After another two consecutive frustrating losses for the Dragons, finals footy is now officially out of reach.
Even with another eight weeks to go in 2020 it’s time to start looking ahead towards 2021. With a mere four wins and eight losses so far in 2020 it would take an unbeaten eight from eight to be sure of making the eight and with games against the Roosters and Eels coming up, there’s more chance that pigs will fly.
In this article I’ve broken down the top five areas that need to be addressed to help the club turn around its fortunes. And please keep Gus Gould out, a fat lot of use his 2019 review was. I’ll do it for free!
1. The coach
Coach Paul McGregor has now been the head coach of the Dragons for over six years after taking over from Steve Price mid 2014. He’s the longest serving head coach in the joint venture’s history and to say his performance has been underwhelming would be an understatement. Calls for his sacking go back over a year to 2019 when the Dragons slid down to 15th place.
Look at his past five years of results: 11th in 2016 and 2017, seventh in 2018 and eliminated in the second week of the finals, 15th in 2019 (the worst result in club history), and probably 11th or 12th in 2020.
I just don’t see how McGregor keeps his job this off-season based on his results. One finals appearance in five years just isn’t good enough. The Cowboys chopped Paul Green after a couple of bad years despite the fact he won a comp and made two grand finals.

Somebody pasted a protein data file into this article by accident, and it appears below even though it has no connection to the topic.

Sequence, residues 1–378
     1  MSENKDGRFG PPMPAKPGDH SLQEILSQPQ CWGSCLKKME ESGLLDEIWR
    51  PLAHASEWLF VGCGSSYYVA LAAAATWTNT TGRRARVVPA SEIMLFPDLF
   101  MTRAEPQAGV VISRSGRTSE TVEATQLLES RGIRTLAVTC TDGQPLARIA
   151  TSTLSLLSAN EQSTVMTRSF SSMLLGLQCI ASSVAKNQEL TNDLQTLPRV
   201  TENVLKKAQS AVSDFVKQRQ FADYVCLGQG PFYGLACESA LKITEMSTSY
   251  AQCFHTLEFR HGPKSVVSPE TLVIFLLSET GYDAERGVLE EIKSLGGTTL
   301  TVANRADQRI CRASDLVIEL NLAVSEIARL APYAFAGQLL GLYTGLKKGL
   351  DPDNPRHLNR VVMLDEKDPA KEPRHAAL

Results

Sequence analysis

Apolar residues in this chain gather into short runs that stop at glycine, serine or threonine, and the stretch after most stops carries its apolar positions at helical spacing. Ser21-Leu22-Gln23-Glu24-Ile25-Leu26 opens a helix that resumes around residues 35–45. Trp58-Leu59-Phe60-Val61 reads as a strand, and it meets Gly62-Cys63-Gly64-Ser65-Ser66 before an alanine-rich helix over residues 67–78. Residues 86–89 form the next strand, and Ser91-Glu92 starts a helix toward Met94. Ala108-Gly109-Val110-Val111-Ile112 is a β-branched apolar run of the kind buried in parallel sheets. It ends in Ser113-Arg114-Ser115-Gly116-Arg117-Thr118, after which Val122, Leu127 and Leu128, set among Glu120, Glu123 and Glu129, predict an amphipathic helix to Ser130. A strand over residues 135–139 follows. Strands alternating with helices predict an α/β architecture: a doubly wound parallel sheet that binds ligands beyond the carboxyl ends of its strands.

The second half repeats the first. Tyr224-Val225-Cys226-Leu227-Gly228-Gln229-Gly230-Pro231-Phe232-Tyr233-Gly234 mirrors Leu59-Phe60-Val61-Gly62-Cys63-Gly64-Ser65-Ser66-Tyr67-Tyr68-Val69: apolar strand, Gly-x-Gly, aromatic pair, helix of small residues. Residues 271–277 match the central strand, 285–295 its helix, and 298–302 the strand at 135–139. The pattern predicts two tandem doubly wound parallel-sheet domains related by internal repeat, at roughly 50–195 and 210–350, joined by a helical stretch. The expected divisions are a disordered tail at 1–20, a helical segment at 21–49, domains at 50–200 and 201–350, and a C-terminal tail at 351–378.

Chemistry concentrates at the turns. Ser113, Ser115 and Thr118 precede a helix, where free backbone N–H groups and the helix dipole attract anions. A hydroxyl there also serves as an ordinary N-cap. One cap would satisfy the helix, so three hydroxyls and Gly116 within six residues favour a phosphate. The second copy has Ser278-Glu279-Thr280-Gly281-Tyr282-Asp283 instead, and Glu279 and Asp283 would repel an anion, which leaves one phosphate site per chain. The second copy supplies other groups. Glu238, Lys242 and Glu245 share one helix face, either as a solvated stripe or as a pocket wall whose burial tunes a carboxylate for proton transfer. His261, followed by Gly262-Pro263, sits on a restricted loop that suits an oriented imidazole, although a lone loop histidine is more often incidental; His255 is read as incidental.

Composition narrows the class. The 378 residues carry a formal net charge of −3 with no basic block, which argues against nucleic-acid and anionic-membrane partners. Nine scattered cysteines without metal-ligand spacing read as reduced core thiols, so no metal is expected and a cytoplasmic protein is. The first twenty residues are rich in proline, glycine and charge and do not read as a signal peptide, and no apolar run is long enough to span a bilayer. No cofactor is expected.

The NRL is a results-based business but it looks like the brains trust at the Dragons are asleep at the wheel. Being a nice guy isn’t a good enough reason to keep your job in professional sport. At some point McGregor’s results need to be justified by the club.
Canterbury cut ties with Dean Pay despite the almost impossible position he’s been in the past two and half seasons and the Warriors sacked Steve Kearney despite the unbelievable disadvantage COVID-19 has placed on them this season.
If it’s the club’s plan to wait until 2022 when Shane Flanagan’s ban ends, that effectively dooms the Dragons to another year of mediocrity.
These are the choices I see: let the status quo remain and see if McGregor can turn things around in 2021, sack McGregor and appoint an interim coach – possibly Dean Young – until Flanagan can formally take over in 2022, or blow it all up this off-season and start again in 2021 by appointing a new long-term coach who can rebuild the team. I’m thinking Anthony Griffin, Geoff Toovey, Paul Green or Nathan Brown.
2. Recruitment and retention
The club has some tricky recruitment decisions to make. They need a quality second rower to replace Tyson Frizell and perhaps Jack de Belin as well.
Another person who should be under review is Ian Millward, director of player pathways. A number of his recruitment decisions haven’t worked out.
Corey Norman is an obvious one. Why spend big money on him when Adam Clune and Tristan Sailor were waiting for a chance? Another junior, five-eighth Jayden Sullivan, will be challenging for first grade in 2021.